It’s not that Anderson was gassed or prone to doing things he wasn’t supposed to do, or that manager Kevin Cash failed to read his man fully. This wasn’t Arizona Diamondbacks manager Bob Brenly throwing an already-overworked Byung-Hyun Kim out for a third inning to be ruined on his sixtieth pitch of the niight by Derek Jeter’s fabled Mr. November blast.

The only thing Anderson did was throw Correa a nasty fastball tailing toward the outer part of the zone. But the only thing Correa did was exercise an adjustment he said postgame that he made in the clubhouse cage, with hitting coach Alex Cintron, earlier on the afternoon, then send that would-be tailer into postseason immortality when it looked to most as though Game Five headed to extra innings.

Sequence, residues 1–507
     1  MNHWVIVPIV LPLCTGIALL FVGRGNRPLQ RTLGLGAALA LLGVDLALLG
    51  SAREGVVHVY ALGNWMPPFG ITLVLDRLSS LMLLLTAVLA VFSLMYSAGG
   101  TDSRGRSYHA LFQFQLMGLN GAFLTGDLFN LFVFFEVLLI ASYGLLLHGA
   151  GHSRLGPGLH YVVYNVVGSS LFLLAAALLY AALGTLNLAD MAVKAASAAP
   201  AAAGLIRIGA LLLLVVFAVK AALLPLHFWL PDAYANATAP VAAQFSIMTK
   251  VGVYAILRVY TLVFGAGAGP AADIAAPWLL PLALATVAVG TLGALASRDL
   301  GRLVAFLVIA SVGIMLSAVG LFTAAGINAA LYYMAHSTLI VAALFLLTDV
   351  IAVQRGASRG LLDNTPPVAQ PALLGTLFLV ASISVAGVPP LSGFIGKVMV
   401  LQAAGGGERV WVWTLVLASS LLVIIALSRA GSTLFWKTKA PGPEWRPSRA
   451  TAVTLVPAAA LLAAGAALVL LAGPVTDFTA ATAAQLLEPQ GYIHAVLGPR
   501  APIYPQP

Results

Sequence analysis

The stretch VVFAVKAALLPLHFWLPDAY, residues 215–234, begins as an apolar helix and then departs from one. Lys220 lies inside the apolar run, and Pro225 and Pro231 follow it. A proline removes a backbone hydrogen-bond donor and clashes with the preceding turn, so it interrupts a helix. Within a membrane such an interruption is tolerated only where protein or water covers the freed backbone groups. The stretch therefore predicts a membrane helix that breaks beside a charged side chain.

Correa saved his manager Dusty Baker from doing what he would have had to do but with as much enthusiasm as a mid-20th century child taking his castor oil for an illness. Having pushed just about every bullpen chip he had to the middle of the table, Baker would likely have had to reach for his intended Game Six starter, Framber Valdez. He could match the Rays bullpen for bullpen through nine. After nine, he’d have made a suicide bet.

With one swing Correa saved Valdez for his intended assignment and put himself and the Astros into the record book. Name one other postseason game in which the winning team homered on the first and the final pitch. You can send Magellan on an around-the-world sail and come up with only one. The one Correa won.

Name any other player in Show history to hit two postseason game-winning home runs without ever doing it in the regular season? Did you say Red Sox legend David Ortiz? Big Papi had eleven in regular-season play. Did you say Bernie Williams, the longtime Yankee center field stalwart? Williams did it three times in regular-season play. But if you said Carlos Correa, give yourself a pat on the back at least as hearty as the flip Correa gave his bat as he proceeded up the first base line to run it out.